If I was to sing "Back to life, back to reality", you'll instantly recognise those lyrics as being from one of the biggest hits of 1989 by RnB, funk and reggae collective, Soul II Soul - the group who also gave us "Keep On Movin" and my personal favourite, "Get A Life" - tunes which still sound just as fresh today as they did back in the 80s.
Soul II Soul are not just credited with creating club classics though - their vision was to bring subcultures of music and style to the masses - where music had always referenced fashion, and vice versa, Soul II Soul were about fusing the two, in a unique and groundbreaking way - now that fusion is the norm in societal trends.
Perhaps the most recognised symbol of their fashion revolution was the 'Funki Dred' - a cartoon design by illustrator Derek Yates which became synonymous with the group and with club culture as a whole in the late 80s and early 90s.
Now the Funki Dred has made its way into London's Harvey Nichols, as part of the 'Classics Collection' - a range of appliqué jersey T-shirts and embroidered sweatshirts, all emblazoned with the iconic image.
With his very own funki dred's once appearing on the cover of style & Pop culture bible, The Face, Jazzie B is widely considered a cultural pioneer who helped to define British black music and style.
I met the international legend ahead of his launch at Harvey Nichols, during Soul II Soul's World Tour, for a quick chat about the collection and who he rates in music right now.
Q: Soul II Soul were born from a community sound system, what is that?
Jazzie B: Well hypothetically it comes from the Caribbean. In our communities growing up in the 60s and 70s, we weren't into teddy boys, and mods didn't wanna know us, and the only people we were really friends with were skin heads and punk rockers. So what happened over the years was that I was influenced by my older brothers growing up who all had their own sound systems, and the concept behind Soul II Soul was that we wanted to be the biggest sound system in the world, a work in progress as they say, ha! But basically it's a mobile DJ who travels around with his own followers, playing his own music and his own sounds.
Q: Is that where the Funki Dred also originated from then?
Jazzie B: The idea behind it was that we came from the planet Ard, and we were sent to earth as pleasure-givers to create the fun and the funk! The design is by Derek Yates and it first appeared on T-shirts in the early 90s. It was about everyone joining in with our vibe, that's why our motto was and still is "A happy face, a thumpin' bass, for a lovin' race."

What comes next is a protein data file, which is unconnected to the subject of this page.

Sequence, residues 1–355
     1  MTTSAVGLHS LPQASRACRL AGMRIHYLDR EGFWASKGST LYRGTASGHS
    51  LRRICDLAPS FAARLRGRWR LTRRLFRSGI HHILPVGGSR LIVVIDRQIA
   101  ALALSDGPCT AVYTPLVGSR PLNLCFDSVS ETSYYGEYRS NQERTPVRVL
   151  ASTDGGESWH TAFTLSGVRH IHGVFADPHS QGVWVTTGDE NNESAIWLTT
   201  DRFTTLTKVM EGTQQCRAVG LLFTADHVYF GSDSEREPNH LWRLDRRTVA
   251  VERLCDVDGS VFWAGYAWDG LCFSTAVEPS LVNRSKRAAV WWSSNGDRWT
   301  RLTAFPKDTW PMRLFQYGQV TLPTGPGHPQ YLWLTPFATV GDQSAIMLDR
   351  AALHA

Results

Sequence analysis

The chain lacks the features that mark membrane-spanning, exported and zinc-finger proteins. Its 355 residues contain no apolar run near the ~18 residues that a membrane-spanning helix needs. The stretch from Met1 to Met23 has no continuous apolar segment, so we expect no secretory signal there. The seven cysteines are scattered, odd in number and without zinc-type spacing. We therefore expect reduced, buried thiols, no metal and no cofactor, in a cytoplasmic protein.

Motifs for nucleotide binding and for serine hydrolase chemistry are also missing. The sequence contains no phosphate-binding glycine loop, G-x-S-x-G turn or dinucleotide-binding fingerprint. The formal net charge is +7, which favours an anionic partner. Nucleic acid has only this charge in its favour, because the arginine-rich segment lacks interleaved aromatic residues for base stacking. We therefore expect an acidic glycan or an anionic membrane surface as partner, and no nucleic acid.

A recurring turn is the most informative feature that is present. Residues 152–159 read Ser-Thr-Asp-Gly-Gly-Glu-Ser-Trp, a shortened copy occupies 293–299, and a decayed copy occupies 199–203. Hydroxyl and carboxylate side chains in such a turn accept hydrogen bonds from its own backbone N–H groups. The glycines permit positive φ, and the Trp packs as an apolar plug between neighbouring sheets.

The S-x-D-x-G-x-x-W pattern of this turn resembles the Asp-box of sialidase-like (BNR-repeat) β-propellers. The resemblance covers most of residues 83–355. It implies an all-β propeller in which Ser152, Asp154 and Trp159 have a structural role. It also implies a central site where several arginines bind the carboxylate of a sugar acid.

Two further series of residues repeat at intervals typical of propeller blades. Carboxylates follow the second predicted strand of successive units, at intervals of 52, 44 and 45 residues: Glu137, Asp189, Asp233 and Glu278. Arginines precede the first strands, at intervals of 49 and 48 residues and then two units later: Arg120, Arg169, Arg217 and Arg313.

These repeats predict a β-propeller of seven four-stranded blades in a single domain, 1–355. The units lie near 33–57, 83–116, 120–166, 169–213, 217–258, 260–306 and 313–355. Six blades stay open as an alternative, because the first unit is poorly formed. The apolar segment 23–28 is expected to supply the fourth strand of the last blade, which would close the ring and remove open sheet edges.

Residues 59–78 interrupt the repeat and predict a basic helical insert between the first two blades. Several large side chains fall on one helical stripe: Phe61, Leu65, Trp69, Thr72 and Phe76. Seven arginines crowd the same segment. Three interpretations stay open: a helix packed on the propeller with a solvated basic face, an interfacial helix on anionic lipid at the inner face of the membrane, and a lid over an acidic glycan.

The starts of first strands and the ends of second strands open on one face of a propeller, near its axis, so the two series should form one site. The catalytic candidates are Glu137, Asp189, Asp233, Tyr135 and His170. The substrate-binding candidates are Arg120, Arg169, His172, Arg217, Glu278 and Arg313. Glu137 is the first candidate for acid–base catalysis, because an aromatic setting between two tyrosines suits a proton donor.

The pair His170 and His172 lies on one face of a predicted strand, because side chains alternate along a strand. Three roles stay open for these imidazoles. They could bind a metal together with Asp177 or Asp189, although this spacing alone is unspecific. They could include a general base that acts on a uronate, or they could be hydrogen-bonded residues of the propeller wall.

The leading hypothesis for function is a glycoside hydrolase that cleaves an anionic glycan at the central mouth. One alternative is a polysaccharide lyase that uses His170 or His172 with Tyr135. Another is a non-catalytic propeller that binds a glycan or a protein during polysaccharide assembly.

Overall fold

Q: Tell us about the collection for Harvey Nichols?
Jazzie B: It's the original collection, nothing has changed. We've become a heritage brand now and the designs are all still about that combination of club culture and fashion. We've re-created elements of the original Camden shop we had in the late 80s and early 90s in the Harvey Nichols Menswear space so people can get a feel for our vibe (the space features some of Jazzie's very own record boxes and vinyl). It's about that combination of music and style, it was always natural to us and now everyone is doing it.
Q: Who is on your radar in music right now?
Jazzie B: Wretch 32. There are lots of names I could give you, but he is the one who stands out for me right now. He's doing good stuff.
Q: Alongside your OBE, you are to be honoured with a life-size steel figure / installation in London's Finsbury Park, which was voted for by the public. That homage cements your contribution to British music culture - how does it make you feel?
Jazzie B: I'm honoured. It's a great feeling to know people respect what I and Soul II Soul did and what London meant to us. I feel very lucky.
The 'Classics Collection' is available now at Harvey Nichols in store and online. Prices range from £55 to £195.